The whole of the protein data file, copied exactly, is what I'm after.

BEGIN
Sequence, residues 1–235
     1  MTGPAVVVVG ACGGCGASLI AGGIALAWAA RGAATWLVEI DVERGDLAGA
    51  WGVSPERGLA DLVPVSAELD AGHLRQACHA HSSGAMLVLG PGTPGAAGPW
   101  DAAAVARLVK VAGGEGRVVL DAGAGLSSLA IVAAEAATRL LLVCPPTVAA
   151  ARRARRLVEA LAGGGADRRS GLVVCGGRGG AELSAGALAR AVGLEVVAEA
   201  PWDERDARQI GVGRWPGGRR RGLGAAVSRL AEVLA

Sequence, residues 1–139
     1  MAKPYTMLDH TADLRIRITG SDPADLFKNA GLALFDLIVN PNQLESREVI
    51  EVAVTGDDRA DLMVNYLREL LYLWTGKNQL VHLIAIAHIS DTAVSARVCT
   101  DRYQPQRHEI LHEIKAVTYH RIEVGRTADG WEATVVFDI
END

Sequence, residues 1–235
     1  MTGPAVVVVG ACGGCGASLI AGGIALAWAA RGAATWLVEI DVERGDLAGA
    51  WGVSPERGLA DLVPVSAELD AGHLRQACHA HSSGAMLVLG PGTPGAAGPW
   101  DAAAVARLVK VAGGEGRVVL DAGAGLSSLA IVAAEAATRL LLVCPPTVAA
   151  ARRARRLVEA LAGGGADRRS GLVVCGGRGG AELSAGALAR AVGLEVVAEA
   201  PWDERDARQI GVGRWPGGRR RGLGAAVSRL AEVLA

Sequence, residues 1–139
     1  MAKPYTMLDH TADLRIRITG SDPADLFKNA GLALFDLIVN PNQLESREVI
    51  EVAVTGDDRA DLMVNYLREL LYLWTGKNQL VHLIAIAHIS DTAVSARVCT
   101  DRYQPQRHEI LHEIKAVTYH RIEVGRTADG WEATVVFDI